Proper Polish and Wax
To keep your glider in top shape it’s important to polish and wax the glider on a regular basis, we all know this. The difficulty is that very few seams to know how to do it properly, me included before reading up on the subject the last year. After dealing with gliders for almost 20 years I still have missed vital steps to achieve a good result.
Ok, let’s go thru it.
fine/corse polish, DIY paste wax and sealant, wool pad and foam pad
Gelcoat: Once per year polish and 2-3 times per year wax.
PU/2K/Car paint: Polish gently when needed (not every winter!) and wax 2-3 per year.
Both gelcoat and PU/2K/Car paint accumulate scratches from normal usage and these are removed when polishing. Gelcoat also oxides which is why we need to polish it more frequent on a regular basis.
PU/2K/Car paint is around 0.2mm thick. Gelcoat is around 1-2mm thick. When working on PU/2K/car paint we need to use much finer grit sandpaper and polish!
After flying, don't clean your glider with just water! Use something that will add wax to the surface, otherwise you are slowly removing all the protection(wax/sealant). You can use water if you add wax/sealant directly after.
Products To Use
Let’s start with wax or sealants, they do the same thing, protect the surface from UV sunlight and contamination. Ceramic coatings also falls in the category of sealants.
Wax is a natural material harvested from mainly bees wax or from Carnauba (a palm tree in Brazil). The wax in its natural form is what we want to protect our surface, but it’s much too difficult to work with since it’s rock hard. The wax you buy is basically a mix of the wax and some kind of solvent to make it easier to spread and work with.
Sealant is a laboratory made substance that do the same thing as wax. They usually last a bit longer than wax and sometimes are easier to work with.
You can put wax on top of sealant but not sealant on top of wax! It will just quickly disappear.
It's a good idea to first put a layer of sealant on the surface and then a wax layer. By doing this you can wash the bugs off the glider using wax during the season without worries of removing all UV protection, since there is a sealant layer which will not be dissolved by the wax.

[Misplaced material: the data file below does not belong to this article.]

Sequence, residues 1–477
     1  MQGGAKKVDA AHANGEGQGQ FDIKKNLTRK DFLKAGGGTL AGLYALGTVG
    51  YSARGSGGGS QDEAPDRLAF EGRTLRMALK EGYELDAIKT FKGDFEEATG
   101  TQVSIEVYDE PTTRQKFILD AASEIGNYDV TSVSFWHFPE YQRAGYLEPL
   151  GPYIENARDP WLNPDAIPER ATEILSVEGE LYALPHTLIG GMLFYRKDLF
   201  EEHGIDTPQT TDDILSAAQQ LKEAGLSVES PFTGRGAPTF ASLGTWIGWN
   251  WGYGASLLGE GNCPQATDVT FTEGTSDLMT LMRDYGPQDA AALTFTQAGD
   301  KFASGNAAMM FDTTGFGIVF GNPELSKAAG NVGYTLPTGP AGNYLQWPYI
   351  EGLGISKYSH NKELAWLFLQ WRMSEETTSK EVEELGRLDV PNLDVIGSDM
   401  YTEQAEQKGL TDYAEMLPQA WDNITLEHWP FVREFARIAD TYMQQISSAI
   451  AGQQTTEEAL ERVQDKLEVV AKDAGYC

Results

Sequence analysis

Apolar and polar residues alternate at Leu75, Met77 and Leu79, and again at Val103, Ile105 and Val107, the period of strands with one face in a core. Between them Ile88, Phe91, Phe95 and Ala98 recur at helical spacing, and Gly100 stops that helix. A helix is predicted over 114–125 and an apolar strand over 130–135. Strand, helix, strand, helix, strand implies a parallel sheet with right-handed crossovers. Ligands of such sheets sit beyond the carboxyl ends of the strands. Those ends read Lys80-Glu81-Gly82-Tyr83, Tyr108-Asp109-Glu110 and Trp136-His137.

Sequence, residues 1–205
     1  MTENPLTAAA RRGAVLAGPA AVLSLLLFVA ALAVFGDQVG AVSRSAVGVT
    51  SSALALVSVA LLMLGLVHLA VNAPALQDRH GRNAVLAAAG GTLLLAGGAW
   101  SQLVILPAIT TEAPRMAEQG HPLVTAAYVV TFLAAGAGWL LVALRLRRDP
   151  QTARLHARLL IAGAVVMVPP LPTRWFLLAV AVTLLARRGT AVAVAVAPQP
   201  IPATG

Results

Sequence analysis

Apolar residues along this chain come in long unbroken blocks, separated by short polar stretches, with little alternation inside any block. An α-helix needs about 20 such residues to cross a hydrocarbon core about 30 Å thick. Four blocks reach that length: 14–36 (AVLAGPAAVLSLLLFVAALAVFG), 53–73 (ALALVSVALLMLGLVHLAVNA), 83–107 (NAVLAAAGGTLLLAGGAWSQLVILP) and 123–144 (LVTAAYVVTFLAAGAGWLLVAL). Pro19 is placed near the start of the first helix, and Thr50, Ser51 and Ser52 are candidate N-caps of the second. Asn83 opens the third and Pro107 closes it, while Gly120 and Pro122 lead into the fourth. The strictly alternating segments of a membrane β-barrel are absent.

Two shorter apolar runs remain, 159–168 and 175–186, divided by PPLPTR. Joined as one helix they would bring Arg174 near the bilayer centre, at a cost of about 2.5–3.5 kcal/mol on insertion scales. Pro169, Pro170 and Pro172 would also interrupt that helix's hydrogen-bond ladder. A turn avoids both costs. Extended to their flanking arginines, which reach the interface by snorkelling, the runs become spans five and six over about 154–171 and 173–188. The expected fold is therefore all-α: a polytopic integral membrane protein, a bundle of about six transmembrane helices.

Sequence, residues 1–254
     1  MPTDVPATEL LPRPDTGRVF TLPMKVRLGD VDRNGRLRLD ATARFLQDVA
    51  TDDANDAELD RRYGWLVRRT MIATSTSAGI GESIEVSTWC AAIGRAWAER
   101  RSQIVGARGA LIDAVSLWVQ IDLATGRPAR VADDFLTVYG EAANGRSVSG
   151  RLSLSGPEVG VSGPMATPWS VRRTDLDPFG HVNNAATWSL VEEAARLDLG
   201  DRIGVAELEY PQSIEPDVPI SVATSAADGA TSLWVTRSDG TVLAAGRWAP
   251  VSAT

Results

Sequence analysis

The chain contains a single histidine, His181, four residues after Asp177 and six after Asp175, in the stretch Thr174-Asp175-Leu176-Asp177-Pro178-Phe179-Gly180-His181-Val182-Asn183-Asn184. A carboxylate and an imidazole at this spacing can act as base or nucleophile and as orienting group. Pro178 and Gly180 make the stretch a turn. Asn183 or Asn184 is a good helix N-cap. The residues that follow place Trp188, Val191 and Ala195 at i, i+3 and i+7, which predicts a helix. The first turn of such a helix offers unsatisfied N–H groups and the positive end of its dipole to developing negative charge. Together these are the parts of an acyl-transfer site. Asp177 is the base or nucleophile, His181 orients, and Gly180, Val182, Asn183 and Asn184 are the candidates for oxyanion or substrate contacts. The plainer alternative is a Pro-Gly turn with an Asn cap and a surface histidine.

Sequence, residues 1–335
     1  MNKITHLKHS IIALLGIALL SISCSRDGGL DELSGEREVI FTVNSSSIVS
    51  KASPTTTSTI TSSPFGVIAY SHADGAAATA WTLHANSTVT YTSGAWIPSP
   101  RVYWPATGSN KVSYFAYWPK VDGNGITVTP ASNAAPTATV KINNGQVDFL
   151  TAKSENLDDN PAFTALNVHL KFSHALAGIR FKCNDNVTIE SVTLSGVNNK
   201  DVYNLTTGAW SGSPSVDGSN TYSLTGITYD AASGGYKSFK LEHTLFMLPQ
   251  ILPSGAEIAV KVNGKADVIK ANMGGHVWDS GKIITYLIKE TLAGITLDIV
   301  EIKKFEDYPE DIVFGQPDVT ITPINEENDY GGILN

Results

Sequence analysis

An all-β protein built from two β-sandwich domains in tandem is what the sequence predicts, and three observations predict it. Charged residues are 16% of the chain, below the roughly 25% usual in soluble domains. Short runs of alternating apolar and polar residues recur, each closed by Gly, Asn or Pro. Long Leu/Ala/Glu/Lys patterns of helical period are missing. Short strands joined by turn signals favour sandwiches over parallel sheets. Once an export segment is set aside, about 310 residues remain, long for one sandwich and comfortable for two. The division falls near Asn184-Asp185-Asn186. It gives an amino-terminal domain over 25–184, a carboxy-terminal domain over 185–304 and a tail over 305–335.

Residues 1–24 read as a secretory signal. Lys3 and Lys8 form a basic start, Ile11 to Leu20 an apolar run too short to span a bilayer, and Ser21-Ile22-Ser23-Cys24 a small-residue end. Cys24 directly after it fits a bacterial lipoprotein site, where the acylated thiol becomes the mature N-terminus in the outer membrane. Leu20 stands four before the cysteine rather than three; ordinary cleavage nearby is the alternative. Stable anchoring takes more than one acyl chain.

Polish is basically a liquid sand paper. When working on gel coat you can use a coarse(green top bottle in the picture) and a fine one(yellow top bottle in the picture). For PU/2k/Car paint just use the fine polish.
Regarding both Polish and Wax: Choose silicone free! For gelcoat, use products that are made for it (generally boat products). For PU/2K/Car paint, use car products.
In the following steps
First start with a proper clean of the wing, this can be done with warm water and a sponge. Make sure the sponge/buckets/microfibre towels you use is properly clean before using them on the glider. It's good to start your work by cleaning them.
If you intend to polish you need to clean away the old wax, this is important. To clean away old wax you can use hand dishwashing liquid in a strong mix with water. If you don’t clean away the old wax it will fill up your polishing pad and drastically reduce the polish result.
Start by polishing with a machine at low RPM. For gelcoat use a wool pad (this have a large ‘cut’ suitable to remove oxidation) and for PU/2K/Car paint use a foam pad. You will need at least two which you can swap between.
Only polish around 1/2 square meter at time. Polish is an abrasive and the pad will be filled up by residue(very fast on gelcoat!), thus after around 1/2 square meter it needs to be cleaned. (when wet sanding, the water take away the residue. When dry sanding, it flies away in the air). To clean the pad, wash it in water and dry it on the machine by spinning it quickly. Change pad to your second and let the first dry until next change.
When polishing, the surface needs to always be moist! If it goes dry, add more polish liquid or spray a mist of water on the surface. If it goes kind of solid, like a paste, you have much too much residue in the pad. Replace the pad, properly clean the surface with water and add new polish liquid.
When you're done with your surface, clean it properly as good as you can to remove all residue from the polishing. Use water and a wet microfibre towel. Make sure the surface is wet(if it's dry it might scratch) and wipe with very light pressure.
Apply sealant and/or wax when the surface is dry. Applying too much will just be a waste of sealant/wax but applying too little will not give you the correct protection you want. Thus, be generous when applying. I prefer to do this by hand with a clean rag to get the best cover and result. Wait for the wax to dry(this is very important for sealants! Check the bottle), 20min is usually good, before wiping off. If you use both, remember to use sealant first and then wax as final layer
When reading up on the subject it became clear that: The harder the wax, the more long lasting with better protection. And creating your own wax to suit the application is not hard at all. These will be harder to work with but they are completely free from any solvents and chemicals, so they are more friendly to your skin to work with. After a bit of experimenting I came up with two recipes: one for hard wax and one for paste wax.
Carnauba wax. 20 gram
Bees wax. 4 gram
Coconut oil. 35 gram
Carnauba wax. 20 gram
Bees wax. 4 gram
Coconut oil. 70 gram
Melt the ingredients in a dubble boiler and pour in to a suitable mould or container. Just increase the amount of ingredients linear to make a bigger batch.
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